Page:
Contracts

What Makes a Contract Legally Binding?

June 28, 2021

Put yourself in the shoes of a property developer. You have acquired land to develop and are in negotiations with a construction company to build your development. Your lawyers and their lawyers agree on almost everything, but there are a few terms they are still trying to negotiate. Time is money and you want construction to begin ASAP, but you do not want to risk going forward before the contract is ready. Maybe you don’t have to.

  • Not every contract has to be signed before it can be executed.
  • Under certain conditions, unsigned contracts are enforceable.
  • Understanding more about contracts saves your business time and money, and it protects you from accidentally agreeing to something that you never intended.

A contract is a legally-binding agreement that holds parties accountable for fulfilling the terms that they agreed to in the contract. When does a contract become binding? Most people assume only when it is signed by both parties. However, this is not always the case, especially in contracts concerning construction.

A watertight contract should stipulate what “acceptance” will look like. In other words, it should say that a contract is accepted when both parties sign, in writing. If a contract does not say this, and many don’t, then it leaves the door open for acceptance of a contract to take other forms, such as beginning to fulfill the terms.

How do draft contracts become binding?

Draft contracts can become binding through something called “Acceptance by Performance.” Acceptance by performance, as the name suggests, is when one or more parties to a contract begin to fulfill their contractual obligation and no party objects to those actions being performed. In this instance, the parties have accepted the terms of a contract, even though it has not been signed and even though not all of the terms are agreed to. This is a bad practice as terms outside of payment and performance will not necessarily be enforceable.

Why does this exist?

This is allowed because in some industries, such as in construction, both parties may be invested in fulfilling the contract while yet still trying to negotiate changes to specific terms. In this case, the parties may want to begin fulfilling the contract, i.e., begin construction, before finishing the negotiation process. Acceptance by performance, in such a case, would indicate that the parties agreed in general on what would be constructed and for how much money while still negotiating some of the finer points. In this case, if the construction is completed, then the purchaser is still bound to pay the company for the work, even if the contract itself was never signed.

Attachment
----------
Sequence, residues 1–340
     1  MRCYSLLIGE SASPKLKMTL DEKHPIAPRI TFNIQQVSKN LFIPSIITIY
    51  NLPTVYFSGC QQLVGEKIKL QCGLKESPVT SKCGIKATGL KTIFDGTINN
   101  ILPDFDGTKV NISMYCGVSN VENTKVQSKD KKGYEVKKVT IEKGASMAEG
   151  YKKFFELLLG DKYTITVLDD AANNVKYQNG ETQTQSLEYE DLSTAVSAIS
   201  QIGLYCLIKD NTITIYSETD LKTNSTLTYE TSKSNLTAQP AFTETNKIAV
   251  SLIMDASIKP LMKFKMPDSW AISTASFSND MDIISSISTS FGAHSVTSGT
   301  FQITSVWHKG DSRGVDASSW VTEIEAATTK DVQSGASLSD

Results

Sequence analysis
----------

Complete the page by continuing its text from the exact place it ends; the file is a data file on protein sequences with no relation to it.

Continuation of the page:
This is important to note because it means that completion of the terms of the contract in good faith constitutes enforceability and means that a judge will likely rule that the company must be paid in the event of a lawsuit.

Are there other applications?

While less concrete, the same principle can be applied to other agreements made without a contract. For example, if two parties have an agreement that one will buy a house from the other for a certain amount of money, and there is an exchange of emails demonstrating that both sides have agreed to the sale, that can be enough to make a case for acceptance, even if there is no formal contract. This can be enough to put a lien on the property if the seller tries to back out of the agreement and go with a new, better offer. The ruling on this is uncertain, but such an agreement can be enough to get the buyer’s foot into the door of a courtroom, which may be enough to preserve the sale.

Two conditions need to be met to establish Acceptance by Performance.

In order for an acceptance by performance argument to hold up, it does need to meet a few criteria.
  • First, the performer must be able to demonstrate that they knew of the agreement and were performing with the expectation that they would be compensated.
  • Second, as mentioned earlier, the contract must not have specifically indicated that acceptance could only take place through signature and written acknowledgement. If a contract indicates that it can only be accepted through signature, and one of the parties begins fulfilling their terms without signing, then the other party is not obligated to fulfill their end of the agreement.

An acceptance by performance agreement can be revoked if one of the parties changes their mind and notifies the other before performance begins. The key bit here is that the party needs to notify the other that they no longer wish the agreement to continue, and that it occur before performance begins. If the performing party completes the work completely or substantially before receiving notification, the agreement may be binding.

What’s the bottom line?

The main takeaway for those involved in contracts is, as always, to make sure that the contract and all communication between parties is clear so that misunderstandings, and ensuing litigation, can be avoided. In this light, whether or not draft contracts are binding depends on circumstances. It is important to know how your circumstances interact with your contract, and as always this is best understood with the help of an attorney.